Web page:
Spotlight on the Future of Afghan Cinema

The future of Afghan cinema is looking very bright indeed due to organizations such as the Afghan Film Project, a nonprofit foundation dedicated to supporting and building capacity in Afghanistan’s growing film industry. Read on to learn more about how the Afghan Film Project got started and where it’s headed next.

What is the Afghan Film Project?

afghanfilmprojectBased in Kabul and Los Angeles, the Afghan Film Project (AFP) is a nonprofit, non-governmental organization that aims to empower Afghan filmmakers to tell Afghan stories. AFP aims to connect local filmmakers with the resources, experience, and opportunities they need to help bring their unique stories to the screen. At the same time, AFP focuses on building local industry capacity by providing practical training and education to producers, directors, and crews (including positions such as grips, electricians, and cinematographers). Through workshops, skills development classes, and mentorship opportunities offered by AFP, the next generation of Afghan filmmakers will gain the vital tools they need to produce films of the highest standard for both domestic and international audiences. AFP also helps to connect filmmakers and film professionals with grants and other funding opportunities.

The team behind AFP is comprised of internationally recognized film professionals who are passionate about Afghanistan and dedicated to sharing their skills and knowledge with emerging filmmakers. Board members include the Afghan-Canadian filmmaker and visual artist Ariel Nasr, who has directed the award-winning documentaries Good Morning Kandahar and The Boxing Girls of Kabul; Academy and Emmy Award-nominated filmmaker and photographer Leslie Knott, whose films include Out of the Ashes; and Academy Award-nominated filmmaker Samuel French, whose work has been presented by a number of broadcast outlets including HBO, National Geographic, and Al Jazeera.

How did the Afghan Film Project start?

In 2008, AFP co-founder and board member Samuel French moved to Kabul. With almost no previous knowledge of Afghanistan and little idea of what to expect from his time in the country, French found himself in the middle of a culturally complex nation full of unique stories waiting to be told. Inspired by the fascinating people and places around him, French began to write the script for the short film Buzkashi Boys in collaboration with England-born, Los Angeles-based filmmaker Martin Roe. In order to facilitate the development and production process for the film, AFP was founded in 2009.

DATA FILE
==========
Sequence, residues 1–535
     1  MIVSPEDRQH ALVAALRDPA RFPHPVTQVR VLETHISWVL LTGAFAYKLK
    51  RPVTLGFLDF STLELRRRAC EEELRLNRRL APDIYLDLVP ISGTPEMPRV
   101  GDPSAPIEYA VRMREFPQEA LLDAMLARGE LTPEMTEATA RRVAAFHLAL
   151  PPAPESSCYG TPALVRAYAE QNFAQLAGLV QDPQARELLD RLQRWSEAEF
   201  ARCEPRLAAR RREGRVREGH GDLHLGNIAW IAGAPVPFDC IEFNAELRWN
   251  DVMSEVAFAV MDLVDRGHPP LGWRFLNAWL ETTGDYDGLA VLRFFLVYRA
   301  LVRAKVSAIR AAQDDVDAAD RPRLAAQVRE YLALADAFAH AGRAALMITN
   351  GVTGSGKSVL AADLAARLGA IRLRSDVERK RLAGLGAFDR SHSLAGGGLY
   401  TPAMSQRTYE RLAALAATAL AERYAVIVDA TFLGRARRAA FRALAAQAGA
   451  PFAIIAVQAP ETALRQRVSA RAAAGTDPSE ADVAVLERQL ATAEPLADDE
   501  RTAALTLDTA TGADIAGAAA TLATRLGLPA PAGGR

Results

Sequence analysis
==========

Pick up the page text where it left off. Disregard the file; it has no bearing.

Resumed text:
Buzkashi Boys

buzkashiboysAs the AFP’s inaugural project, Buzkashi Boys was an important step forward for Afghanistan’s burgeoning film industry and served to usher in a new era of Afghan cinema to the world stage. Filmed entirely on location in Kabul during the winter of 2011, the 30-minute narrative film tells the story of two best friends striving to forge their own future as they grow to manhood under challenging circumstances. An official selection at numerous international film festivals, Buzkashi Boys received extensive critical praise for its emotionally captivating portrait of life in contemporary Afghanistan and its stunning cinematography. In 2013, the film received an Academy Award nomination in the category of Live Action Short.

For the AFP, the international recognition that Buzkashi Boys received was a fitting conclusion to what had been a passionate and challenging experiment in cross-border collaborative filmmaking. Armed with a $200,000 grant from the US State Department, which comprised the majority of the funding for the film, AFP brought more than a dozen young Afghan filmmakers on board to work with the international crew that assembled to make Buzkashi Boys, giving many of them their first taste of the ins and outs of working on a high-caliber film. Due to the support and skills from these mentor-trainee relationships, these filmmakers have since gone on to make and produce their own projects, exactly as the AFP intended.

Upcoming and related projects